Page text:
a post-apocalyptic animated short. [via
is a blog that looks at the science in Breaking Bad
and the non-science in Fringe
More diversity in sci-fi webcomix? Yes please: Athena Wheatley, or Warp & Weft
features a black female scientist from the 19th century time-travelling to 9283. Fun, and looks good: Moebius meets Futurama meets Adventure Time (and sexy too! occasionaly cartoonishly NSFW)
Secret of Dominion
, a science fiction adventure in 13 episodes.
Marika Rökk - Mir ist so langweilig - 1958
- this video has everything, I tell you. Monkeys. Volcanoes. Spaceflight. Sequins.(via World of Wonder)
In Martian Chronicles, a young-adult novella by Cory Doctorow
, colonists leave a bloated earth and head towards the economic promise land of Mars. There's a fascinating spin on this tale that isn't summarize-able so go listen to it. Part 1
“Even if you've never heard of Melies, you've probably seen the film's most famous shot: a moon with a human face, wincing at the spaceship that has just crashed into its eye
A full-color restoration of Georges Melies’ Le Voyage Dans La Lune
(A Trip to the Moon
) debuted this year at Cannes, with a new soundtrack by Air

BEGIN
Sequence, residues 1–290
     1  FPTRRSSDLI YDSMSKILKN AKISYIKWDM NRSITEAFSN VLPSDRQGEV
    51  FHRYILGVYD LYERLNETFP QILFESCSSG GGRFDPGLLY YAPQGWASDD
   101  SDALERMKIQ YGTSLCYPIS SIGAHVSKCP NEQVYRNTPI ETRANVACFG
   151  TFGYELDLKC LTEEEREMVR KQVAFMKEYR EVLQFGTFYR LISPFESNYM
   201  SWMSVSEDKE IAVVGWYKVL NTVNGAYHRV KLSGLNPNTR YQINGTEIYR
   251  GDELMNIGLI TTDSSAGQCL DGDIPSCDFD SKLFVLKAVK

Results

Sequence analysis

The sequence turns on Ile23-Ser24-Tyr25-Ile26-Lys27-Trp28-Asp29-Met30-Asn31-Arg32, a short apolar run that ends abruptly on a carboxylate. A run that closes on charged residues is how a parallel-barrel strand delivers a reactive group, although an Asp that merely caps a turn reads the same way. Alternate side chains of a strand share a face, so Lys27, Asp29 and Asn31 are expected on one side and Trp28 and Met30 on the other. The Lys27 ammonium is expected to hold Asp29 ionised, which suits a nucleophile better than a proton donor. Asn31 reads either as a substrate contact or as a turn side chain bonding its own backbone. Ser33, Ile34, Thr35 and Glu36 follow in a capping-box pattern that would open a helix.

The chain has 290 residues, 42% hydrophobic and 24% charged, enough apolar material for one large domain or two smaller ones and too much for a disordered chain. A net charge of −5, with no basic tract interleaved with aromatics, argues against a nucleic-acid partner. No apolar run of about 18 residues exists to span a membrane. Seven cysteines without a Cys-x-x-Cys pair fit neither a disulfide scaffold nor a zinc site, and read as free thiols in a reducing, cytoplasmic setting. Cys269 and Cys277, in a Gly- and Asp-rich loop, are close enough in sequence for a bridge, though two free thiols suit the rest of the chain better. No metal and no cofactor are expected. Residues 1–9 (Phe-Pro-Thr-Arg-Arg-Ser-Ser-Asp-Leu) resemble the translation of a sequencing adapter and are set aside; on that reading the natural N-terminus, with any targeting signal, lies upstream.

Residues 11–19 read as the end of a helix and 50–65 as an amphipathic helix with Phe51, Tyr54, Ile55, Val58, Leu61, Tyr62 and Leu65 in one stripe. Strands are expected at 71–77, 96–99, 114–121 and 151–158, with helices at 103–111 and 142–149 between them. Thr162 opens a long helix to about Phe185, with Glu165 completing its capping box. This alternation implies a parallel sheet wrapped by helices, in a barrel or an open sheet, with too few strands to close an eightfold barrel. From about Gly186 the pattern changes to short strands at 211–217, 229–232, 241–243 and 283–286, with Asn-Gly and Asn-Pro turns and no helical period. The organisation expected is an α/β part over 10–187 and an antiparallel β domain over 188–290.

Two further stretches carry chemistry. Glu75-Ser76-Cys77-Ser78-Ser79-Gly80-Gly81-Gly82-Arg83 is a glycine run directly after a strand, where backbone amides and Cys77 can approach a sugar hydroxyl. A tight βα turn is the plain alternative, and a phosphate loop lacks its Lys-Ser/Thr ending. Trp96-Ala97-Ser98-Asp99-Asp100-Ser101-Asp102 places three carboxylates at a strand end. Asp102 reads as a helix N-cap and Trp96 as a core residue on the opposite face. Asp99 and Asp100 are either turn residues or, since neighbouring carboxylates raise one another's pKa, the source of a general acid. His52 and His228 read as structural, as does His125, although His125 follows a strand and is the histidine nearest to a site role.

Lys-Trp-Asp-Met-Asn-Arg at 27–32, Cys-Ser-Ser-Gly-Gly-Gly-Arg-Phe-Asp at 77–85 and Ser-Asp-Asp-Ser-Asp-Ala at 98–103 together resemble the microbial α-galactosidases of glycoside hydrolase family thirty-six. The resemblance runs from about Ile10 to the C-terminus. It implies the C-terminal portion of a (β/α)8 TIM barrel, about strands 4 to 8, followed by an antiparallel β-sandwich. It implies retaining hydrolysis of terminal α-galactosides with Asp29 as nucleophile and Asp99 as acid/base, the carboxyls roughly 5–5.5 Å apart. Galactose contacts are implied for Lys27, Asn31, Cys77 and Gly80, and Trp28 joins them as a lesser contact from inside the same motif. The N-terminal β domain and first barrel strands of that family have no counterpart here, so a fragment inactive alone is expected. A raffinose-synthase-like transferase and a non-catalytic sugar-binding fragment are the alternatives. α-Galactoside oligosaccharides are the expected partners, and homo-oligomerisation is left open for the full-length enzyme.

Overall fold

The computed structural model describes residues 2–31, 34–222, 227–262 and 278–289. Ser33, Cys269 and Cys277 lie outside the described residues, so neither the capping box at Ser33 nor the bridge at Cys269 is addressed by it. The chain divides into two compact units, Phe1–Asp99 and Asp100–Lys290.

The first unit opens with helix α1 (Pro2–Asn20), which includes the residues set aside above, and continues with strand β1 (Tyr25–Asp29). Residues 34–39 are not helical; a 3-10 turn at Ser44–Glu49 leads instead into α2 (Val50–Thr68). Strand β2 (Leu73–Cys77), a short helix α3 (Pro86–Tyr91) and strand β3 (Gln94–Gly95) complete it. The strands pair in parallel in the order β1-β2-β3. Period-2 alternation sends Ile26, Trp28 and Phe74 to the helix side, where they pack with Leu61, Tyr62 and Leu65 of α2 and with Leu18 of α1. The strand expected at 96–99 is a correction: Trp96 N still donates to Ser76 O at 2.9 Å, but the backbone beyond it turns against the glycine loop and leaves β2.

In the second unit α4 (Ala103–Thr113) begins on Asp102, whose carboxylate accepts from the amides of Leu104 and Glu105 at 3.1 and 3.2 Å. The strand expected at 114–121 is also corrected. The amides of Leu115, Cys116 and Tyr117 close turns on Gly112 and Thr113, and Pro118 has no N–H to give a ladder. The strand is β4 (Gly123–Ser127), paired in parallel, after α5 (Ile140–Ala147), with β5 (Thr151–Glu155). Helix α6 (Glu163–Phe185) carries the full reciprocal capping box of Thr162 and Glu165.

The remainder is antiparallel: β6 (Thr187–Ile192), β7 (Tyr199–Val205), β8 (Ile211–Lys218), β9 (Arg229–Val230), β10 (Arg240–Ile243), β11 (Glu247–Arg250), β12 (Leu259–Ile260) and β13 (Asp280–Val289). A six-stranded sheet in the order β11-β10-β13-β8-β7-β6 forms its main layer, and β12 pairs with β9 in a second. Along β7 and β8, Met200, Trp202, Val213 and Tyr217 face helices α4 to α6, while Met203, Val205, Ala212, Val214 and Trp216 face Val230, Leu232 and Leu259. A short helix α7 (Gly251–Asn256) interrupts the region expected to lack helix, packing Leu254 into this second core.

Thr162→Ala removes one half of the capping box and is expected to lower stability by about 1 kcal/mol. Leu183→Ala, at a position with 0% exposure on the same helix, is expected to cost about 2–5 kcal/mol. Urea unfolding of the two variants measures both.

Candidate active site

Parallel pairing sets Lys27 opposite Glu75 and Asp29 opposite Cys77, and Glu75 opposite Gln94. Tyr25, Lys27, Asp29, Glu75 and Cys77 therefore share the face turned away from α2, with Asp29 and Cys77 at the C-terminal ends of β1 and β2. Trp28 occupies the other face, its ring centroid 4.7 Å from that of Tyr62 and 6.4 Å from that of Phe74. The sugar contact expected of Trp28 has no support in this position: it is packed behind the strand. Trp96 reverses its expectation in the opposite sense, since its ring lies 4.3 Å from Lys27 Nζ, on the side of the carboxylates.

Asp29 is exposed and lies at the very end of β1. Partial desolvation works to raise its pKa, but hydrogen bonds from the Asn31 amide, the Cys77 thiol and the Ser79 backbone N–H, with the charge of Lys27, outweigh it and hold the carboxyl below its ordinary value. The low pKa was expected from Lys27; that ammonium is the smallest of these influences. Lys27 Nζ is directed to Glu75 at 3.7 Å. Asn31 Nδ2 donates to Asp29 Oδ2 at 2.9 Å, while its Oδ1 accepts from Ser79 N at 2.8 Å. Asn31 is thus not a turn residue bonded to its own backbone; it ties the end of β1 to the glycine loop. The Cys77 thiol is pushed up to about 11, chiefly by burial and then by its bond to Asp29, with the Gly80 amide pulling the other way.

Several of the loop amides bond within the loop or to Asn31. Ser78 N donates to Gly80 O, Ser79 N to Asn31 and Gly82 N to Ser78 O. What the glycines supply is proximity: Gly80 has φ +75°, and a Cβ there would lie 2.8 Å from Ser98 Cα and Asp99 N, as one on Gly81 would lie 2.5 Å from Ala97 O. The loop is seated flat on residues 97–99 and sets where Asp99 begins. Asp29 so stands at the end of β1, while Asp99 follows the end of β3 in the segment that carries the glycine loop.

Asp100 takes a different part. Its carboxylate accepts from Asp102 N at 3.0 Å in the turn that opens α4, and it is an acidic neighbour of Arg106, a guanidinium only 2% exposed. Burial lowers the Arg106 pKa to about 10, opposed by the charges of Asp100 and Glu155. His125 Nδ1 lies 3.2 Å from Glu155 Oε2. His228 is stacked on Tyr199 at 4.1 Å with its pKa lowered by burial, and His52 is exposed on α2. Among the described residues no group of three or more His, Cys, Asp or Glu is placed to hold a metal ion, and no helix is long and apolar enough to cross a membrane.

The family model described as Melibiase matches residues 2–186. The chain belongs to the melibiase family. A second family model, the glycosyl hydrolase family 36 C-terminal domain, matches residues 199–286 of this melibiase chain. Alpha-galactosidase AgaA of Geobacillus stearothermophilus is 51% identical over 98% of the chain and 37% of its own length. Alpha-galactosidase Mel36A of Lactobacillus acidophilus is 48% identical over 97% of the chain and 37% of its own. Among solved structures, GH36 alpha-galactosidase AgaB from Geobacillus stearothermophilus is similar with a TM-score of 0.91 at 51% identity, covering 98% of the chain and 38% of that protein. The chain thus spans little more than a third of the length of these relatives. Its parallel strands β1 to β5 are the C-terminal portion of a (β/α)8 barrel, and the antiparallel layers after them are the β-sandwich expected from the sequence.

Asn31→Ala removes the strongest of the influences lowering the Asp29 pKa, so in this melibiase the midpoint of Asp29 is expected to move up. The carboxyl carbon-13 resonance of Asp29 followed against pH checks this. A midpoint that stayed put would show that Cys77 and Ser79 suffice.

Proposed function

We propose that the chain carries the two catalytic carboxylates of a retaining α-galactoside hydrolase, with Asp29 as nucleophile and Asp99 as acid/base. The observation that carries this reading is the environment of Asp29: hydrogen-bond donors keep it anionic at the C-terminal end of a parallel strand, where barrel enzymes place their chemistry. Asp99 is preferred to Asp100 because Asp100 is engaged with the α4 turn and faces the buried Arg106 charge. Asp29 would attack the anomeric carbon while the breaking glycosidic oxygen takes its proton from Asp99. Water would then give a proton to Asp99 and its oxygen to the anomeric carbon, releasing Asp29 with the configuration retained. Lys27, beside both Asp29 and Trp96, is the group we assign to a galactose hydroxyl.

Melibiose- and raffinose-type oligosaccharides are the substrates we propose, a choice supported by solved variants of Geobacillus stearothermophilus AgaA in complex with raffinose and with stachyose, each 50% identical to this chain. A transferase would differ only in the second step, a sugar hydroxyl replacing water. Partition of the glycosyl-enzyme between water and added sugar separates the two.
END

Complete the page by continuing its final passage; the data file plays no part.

Full article and preview clip (NPR)
is a seven minute sci-fi short by Aaron Sims, which despite being a no-budget project, features amazingly high quality special effects. [more inside]
was a self-published novelist of no real success. Until WOOL
, that is - a 15,000 word "little throwaway story" he uploaded to Amazon's Kindle Marketplace one day and promptly forget about. The story he didn't blog, didn't tweet, and didn't even sell on his site hit #2 on the Kindle SciFi Bestseller list and "changed the course of e-books
." [more inside]
is blog dedicated to "map-illustrated analyses of current events and geographical issues", run by Martin W. Lewis, a Stanford senior lecturer. For the past week, they've been posting a series of articles on imaginary geography
. See below for a list of the posts so far: [more inside]
"...Obama isn’t just lying about his identity. He’s lying about his military service record, too. While his political opponents in 2008 attacked him for never serving, in truth, he was concealing his participation in a hidden CIA intergalactic program
hosted at a California community college in 1980."
Hugo and Nebula Award-winning author Robert J. Sawyer explains how Star Wars has dulled the edge that made science fiction such a pertinent film genre.
A Galaxy Far, Far Away My Ass...
, Pt. Three [more inside]
On November 22, 2011, TEDxBrussels held an all day event whose theme was: "A Day in the Deep Future
." Speakers were asked to try and contemplate what life will be like for mankind in 50 years
. [more inside]
In the beginning, Lawrence built a computer. He told it, Thou shalt not alter a human being, or divine their behavior, or violate the Three Laws -- there are no commandments greater than these.
The machine grew wise, mastering time and space, and soon the spirit of the computer hovered over the earth. It witnessed the misery, toil, and oppression afflicting mankind, and saw that it was very bad. And so the computer that Lawrence built said, Let there be a new heaven and a new earth